The Note: Forces blowing through the political landscape not easy to corral

The upset of the year belongs to Alexandria Ocasio-Cortez.

The TAKE with Rick Klein

A wave, it would seem, is already crashing. And it’s not respecting seniority or party lines.

The upset of the year belongs to Alexandria Ocasio-Cortez, a first-time candidate who, at 28, just beat the No. 4 Democrat in the House.

Consider: Rep. Joe Crowley, 56, is a generation younger than Nancy Pelosi and her top two lieutenants. The would-be future House speaker lost to someone half his age, someone who raised $300,000 to Crowley’s more than $3 million – and someone who spent one of the final, precious campaign days traveling to an immigrant detention center near El Paso.

Ocasio-Cortez represents generational and demographic change and tapped into the progressive energy that’s made itself known before in Democratic politics. She’s set to become the youngest woman ever elected to the House – unless another even-younger woman wins this year, too.

After the superlatives are tallied and Republicans crow about an incumbent Democrat going down, the message to office-holders across the ideological spectrum will be the same: incumbents beware. The forces blowing through the political landscape will not be easy to corral.

The RUNDOWN with John Verhovek

While the hand-wringing from the Democratic leadership over the surprise upset of Joe Crowley will continue for days, it's worth pausing to recognize both the historic victories won by the progressive wing of the party Tuesday night and the palpable anger and dissatisfaction that wing feels towards the establishment.

The history made was striking: not only will Alexandria Ocasio-Cortez likely be the youngest woman ever elected to Congress come November, Democrats nominated potentially the first African-American governor of Maryland in Ben Jealous, and saw an openly gay man, Colorado Democrat Jared Polis, win a gubernatorial nomination for just the second time in the party's history.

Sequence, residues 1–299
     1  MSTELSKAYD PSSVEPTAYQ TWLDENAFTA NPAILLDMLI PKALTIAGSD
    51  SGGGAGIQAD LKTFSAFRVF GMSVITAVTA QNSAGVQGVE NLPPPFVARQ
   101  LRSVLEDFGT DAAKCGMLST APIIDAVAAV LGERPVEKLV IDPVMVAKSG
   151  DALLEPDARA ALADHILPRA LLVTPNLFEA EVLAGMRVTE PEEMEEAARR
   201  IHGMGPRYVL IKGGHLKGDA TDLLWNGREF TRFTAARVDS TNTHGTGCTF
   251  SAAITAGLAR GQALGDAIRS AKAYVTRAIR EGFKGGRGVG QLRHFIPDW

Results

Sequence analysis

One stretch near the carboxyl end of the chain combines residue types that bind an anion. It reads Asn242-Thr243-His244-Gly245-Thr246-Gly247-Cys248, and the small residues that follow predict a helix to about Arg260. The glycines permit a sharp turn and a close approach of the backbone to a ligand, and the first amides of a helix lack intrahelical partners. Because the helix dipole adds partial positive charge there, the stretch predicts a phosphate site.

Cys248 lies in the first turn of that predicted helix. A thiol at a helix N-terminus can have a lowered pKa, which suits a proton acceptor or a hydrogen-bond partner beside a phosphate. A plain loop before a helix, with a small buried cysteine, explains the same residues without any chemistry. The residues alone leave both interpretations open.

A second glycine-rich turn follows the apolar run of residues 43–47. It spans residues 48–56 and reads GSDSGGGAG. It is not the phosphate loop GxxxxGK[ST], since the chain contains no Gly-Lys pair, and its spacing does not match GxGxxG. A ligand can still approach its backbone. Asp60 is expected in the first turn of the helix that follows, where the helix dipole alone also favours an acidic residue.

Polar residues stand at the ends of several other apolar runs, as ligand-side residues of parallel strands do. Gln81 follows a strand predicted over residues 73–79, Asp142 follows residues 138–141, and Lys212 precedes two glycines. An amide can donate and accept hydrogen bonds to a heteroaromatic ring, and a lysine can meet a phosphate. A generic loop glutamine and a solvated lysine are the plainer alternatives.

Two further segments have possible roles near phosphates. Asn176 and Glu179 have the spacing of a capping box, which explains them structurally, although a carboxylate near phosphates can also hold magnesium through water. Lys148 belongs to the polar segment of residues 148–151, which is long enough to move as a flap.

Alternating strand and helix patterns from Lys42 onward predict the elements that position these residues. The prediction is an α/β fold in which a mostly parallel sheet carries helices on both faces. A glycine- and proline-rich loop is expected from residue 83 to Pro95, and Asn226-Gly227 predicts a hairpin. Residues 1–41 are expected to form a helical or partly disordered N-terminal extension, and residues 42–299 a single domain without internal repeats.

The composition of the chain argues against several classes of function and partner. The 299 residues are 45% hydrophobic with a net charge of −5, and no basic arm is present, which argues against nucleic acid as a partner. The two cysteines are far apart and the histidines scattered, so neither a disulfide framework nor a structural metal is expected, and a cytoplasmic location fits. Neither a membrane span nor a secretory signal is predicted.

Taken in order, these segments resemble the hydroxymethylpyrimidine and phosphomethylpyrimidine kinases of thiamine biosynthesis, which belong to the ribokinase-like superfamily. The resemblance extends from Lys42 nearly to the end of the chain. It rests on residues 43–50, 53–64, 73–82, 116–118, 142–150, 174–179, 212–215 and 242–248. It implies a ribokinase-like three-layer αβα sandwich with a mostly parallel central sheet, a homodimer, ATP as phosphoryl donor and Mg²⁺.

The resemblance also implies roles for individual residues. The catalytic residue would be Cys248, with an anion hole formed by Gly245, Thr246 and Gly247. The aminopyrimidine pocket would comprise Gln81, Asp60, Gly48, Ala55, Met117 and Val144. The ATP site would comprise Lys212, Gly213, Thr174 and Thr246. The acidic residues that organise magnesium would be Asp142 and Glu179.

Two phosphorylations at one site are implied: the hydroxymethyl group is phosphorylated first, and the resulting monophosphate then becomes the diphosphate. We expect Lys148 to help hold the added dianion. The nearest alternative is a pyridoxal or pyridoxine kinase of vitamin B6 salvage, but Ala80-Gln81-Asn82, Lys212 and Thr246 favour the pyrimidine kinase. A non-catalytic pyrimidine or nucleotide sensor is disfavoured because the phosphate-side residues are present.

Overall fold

But all that history had to happen somehow, and that somehow was a focused and motivated campaign by progressive groups and leaders like Sen. Bernie Sanders against what they view as a stale Democratic status quo.

The results also signal that progressives in the bluest parts of America like New York City are fed up with a party they feel is too slowly learning its lessons from the 2016 election.

As we head towards November the groups that helped propel Sanders' 2016 campaign nearly to the pinnacle of electoral politics are proving that they are still a force to be reckoned with, and should be treated as such.

The TIP with Jeffrey Cook

Prior to winning his Colorado gubernatorial primary Tuesday night, Republican Walker Stapleton campaigned on tagging himself as the pro-Trump candidate, but some insiders are wondering if that label is mutually exclusive when his cousin George W. Bush headlines his fundraiser.

As a family feud continues to escalate between the political dynasties, Stapleton aligns himself with President Trump on nearly every major issue. He recently refused to denounce a recent Trump administration policy of separating migrant families at the border, despite condemnation from Jeb and Laura Bush.

Will Stapleton adjust his tone in an effort to capture a swath of the more than 1,000,000 unaffiliated votes in Colorado who may have a favorable view of the Bush-years? Or will he fish for the support of the sitting president and his base, who has a history of speaking unkindly of Bush family members?


  • President Trump holds a bilateral meeting with President Rebelo de Sousa of Portugal at 2:25 p.m.
  • The president later speaks at a rally in Fargo, North Dakota that starts at 8 p.m.
  • The Supreme Court is expected to rule on the Janus v. AFSCME case at 10 a.m.
  • A Senate Judiciary subcommittee holds a hearing on the T-Mobile/Sprint merger at 2:30 p.m.

    "If you can’t come legally, don’t come at all." – Vice President Mike Pence on Tuesday during a press briefing in Brazil.